Washington becomes first state in the country to implement a publicly funded long-term care program
Under the new law, premiums of 0.58% of wages will start being collected from employees by 2022. Starting January 1, 2025, people who need assistance with "activities of daily living" such as bathing, dressing or taking medication could tap into the fund to pay for them.
By RACHEL LA CORTE
OLYMPIA: Washington is the first state in the nation to establish a program to help offset the costs of long-term care, under a new law signed Monday by Gov. Jay Inslee.
Starting in 2025, the program promises a benefit for those who pay into the program, with a lifetime maximum of $36,500 per person, indexed to inflation, paid for by an employee payroll premium.
Inslee, surrounded by a large group of lawmakers and advocates of the measure, called it a "win for all Washington workers." "This benefit will be available for those who need it when the time comes to face the fact that daily living presents some challenges, and you need just a little help," he said before signing the measure. "This is going to make sure that help is there without bankrupting your family."
Under the new law, premiums of 0.58% of wages will start being collected from employees by 2022. Starting January 1, 2025, people who need assistance with at least three "activities of daily living" such as bathing, dressing or taking medication could tap into the fund to pay for things like in-home care, home modifications like a wheelchair ramp and rides to the doctor.
To be eligible, workers will have had to have paid the premium working at least 500 hours per year for three of the previous six years in which they're seeking the benefit or for a total of 10 years, with at least five of those paid without interruption.
According to AARP of Washington, 70% of residents 65 and older will require some type of assistance to live independently.
Only an estimated 7 million to 8 million Americans have private long-term care insurance, which is costly and generally requires applicants to pass a health screening. Many assume that Medicare covers long-term care, but that's not the case except for limited care for skilled nursing or rehabilitation. Qualifying for public coverage under Medicaid, which covers low-income people, involves spending down lifetime savings.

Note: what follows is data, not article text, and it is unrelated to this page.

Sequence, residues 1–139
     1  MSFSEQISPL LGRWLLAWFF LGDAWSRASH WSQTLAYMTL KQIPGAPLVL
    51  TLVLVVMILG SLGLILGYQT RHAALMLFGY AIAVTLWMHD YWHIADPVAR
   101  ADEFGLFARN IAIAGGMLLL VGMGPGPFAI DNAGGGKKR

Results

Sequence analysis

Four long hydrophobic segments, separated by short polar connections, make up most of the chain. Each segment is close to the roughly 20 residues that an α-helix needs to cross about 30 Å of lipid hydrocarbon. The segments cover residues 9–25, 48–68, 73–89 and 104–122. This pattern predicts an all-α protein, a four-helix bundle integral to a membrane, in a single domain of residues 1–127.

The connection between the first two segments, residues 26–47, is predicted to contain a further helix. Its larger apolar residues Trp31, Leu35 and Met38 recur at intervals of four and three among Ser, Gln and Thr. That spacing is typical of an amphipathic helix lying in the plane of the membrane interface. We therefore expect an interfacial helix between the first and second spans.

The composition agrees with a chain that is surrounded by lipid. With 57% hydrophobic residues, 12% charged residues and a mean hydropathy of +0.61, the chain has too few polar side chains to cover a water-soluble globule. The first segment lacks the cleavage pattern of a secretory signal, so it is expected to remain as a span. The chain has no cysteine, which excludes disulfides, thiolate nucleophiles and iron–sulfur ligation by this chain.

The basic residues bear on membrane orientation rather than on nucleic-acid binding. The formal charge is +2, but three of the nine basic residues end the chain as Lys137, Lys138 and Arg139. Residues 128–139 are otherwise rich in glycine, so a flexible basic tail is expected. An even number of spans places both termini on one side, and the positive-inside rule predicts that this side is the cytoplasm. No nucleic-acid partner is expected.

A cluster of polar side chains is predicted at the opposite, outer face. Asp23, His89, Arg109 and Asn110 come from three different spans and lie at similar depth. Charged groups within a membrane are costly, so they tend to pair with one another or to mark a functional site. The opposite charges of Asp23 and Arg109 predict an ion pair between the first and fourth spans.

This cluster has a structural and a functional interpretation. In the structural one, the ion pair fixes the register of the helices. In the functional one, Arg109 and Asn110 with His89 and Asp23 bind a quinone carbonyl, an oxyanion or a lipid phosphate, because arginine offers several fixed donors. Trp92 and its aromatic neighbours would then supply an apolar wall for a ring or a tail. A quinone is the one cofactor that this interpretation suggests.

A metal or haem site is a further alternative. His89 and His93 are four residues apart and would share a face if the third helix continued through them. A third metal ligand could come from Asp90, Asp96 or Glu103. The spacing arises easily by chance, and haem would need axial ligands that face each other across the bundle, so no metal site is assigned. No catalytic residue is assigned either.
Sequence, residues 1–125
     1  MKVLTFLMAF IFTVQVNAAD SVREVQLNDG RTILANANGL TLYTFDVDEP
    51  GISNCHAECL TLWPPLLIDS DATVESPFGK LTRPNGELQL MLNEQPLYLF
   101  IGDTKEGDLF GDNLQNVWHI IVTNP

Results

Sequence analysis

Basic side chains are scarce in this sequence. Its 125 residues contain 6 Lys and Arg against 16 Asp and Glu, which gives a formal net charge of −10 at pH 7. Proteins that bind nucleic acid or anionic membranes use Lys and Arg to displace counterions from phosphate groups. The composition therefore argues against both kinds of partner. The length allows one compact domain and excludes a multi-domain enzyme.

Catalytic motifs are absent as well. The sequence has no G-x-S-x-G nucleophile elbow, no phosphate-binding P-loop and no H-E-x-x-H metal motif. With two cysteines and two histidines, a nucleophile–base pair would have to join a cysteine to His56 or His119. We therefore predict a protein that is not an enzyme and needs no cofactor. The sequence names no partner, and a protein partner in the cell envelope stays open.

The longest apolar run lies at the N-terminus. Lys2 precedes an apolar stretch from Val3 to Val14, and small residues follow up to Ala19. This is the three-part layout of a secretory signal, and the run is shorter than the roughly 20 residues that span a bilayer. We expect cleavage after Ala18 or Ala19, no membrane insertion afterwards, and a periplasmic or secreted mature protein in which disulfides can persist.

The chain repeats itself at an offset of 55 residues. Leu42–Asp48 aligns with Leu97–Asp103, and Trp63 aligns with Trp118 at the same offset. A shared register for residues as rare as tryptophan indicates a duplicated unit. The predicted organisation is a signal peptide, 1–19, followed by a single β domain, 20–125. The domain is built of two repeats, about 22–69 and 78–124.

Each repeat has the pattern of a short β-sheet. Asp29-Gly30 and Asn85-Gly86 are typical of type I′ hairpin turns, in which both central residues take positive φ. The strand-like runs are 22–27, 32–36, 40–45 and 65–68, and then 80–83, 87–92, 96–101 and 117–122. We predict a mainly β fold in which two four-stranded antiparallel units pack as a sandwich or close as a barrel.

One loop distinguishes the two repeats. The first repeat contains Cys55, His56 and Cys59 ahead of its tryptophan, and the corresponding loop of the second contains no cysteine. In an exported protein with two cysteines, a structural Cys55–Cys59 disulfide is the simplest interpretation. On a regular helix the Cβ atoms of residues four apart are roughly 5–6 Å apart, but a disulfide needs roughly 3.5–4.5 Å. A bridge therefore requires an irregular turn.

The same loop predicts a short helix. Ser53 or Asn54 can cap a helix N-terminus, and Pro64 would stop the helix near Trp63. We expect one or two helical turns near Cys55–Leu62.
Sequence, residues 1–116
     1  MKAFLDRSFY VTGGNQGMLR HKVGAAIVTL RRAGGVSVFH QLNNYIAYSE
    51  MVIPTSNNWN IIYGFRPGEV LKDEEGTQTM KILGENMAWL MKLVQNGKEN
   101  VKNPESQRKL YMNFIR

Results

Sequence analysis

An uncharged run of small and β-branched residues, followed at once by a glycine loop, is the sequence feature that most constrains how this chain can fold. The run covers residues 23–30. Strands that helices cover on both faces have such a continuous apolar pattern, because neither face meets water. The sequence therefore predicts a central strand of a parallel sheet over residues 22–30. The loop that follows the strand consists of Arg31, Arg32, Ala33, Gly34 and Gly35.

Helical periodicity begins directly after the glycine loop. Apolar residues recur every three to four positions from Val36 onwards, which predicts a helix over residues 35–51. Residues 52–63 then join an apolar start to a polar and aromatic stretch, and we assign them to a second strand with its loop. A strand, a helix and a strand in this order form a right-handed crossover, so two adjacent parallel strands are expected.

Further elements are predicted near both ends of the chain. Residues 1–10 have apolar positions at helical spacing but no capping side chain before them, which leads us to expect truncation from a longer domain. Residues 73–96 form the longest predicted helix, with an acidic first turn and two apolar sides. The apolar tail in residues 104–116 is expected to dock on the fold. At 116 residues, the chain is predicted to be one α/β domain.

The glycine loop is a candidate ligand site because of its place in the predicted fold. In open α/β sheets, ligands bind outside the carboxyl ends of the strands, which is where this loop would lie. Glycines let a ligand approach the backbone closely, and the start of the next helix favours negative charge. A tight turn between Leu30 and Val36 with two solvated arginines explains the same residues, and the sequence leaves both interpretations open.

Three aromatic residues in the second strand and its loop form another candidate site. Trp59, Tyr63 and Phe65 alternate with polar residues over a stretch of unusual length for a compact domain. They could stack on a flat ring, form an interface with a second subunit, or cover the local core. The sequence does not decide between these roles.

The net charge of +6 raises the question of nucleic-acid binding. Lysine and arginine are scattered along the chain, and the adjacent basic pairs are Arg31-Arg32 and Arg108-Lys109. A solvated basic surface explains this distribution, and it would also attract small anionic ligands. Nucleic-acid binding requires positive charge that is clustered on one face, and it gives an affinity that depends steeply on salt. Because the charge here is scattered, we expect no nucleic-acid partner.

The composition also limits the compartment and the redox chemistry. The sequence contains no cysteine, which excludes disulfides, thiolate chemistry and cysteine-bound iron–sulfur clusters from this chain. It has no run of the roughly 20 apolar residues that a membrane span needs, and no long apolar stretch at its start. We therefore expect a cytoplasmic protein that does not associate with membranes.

Democratic Sen. Guy Palumbo said that the bill is "not only the morally right thing to do, but it's also fiscally responsible for the state of Washington." "Rather than making people buy their way down into poverty, we're trying to do the right thing to make sure they can age with dignity," he said.
Washington isn't the only state that has contemplated long-term care, but it moved the fastest on creating a defined insurance policy. Hawaii has adopted a public cash benefit for caregivers of the elderly. California is considering a ballot initiative on a public long-term care financing program.
Michigan and Illinois are beginning to study public programs for those not on Medicaid, and Minnesota's human services department has proposed two alternative private financing options, according to Howard Gleckman, a senior researcher at the nonpartisan Urban Institute think tank.
Last year, voters in Maine rejected a referendum that would have provided home care to all seniors and disabled people regardless of income. "Medicare for All" bills, introduced by Vermont Sen. Bernie Sanders and Democratic Reps. Pramila Jayapal of Washington state and Debbie Dingell of Michigan, expand coverage for long-term care, emphasizing home and community-based services.
About two-thirds of adults favor a long-term care program similar to Medicare, according to an Associated Press-NORC Center for Public Affairs Research poll last year. That includes 76% of Democrats and 56% of Republicans.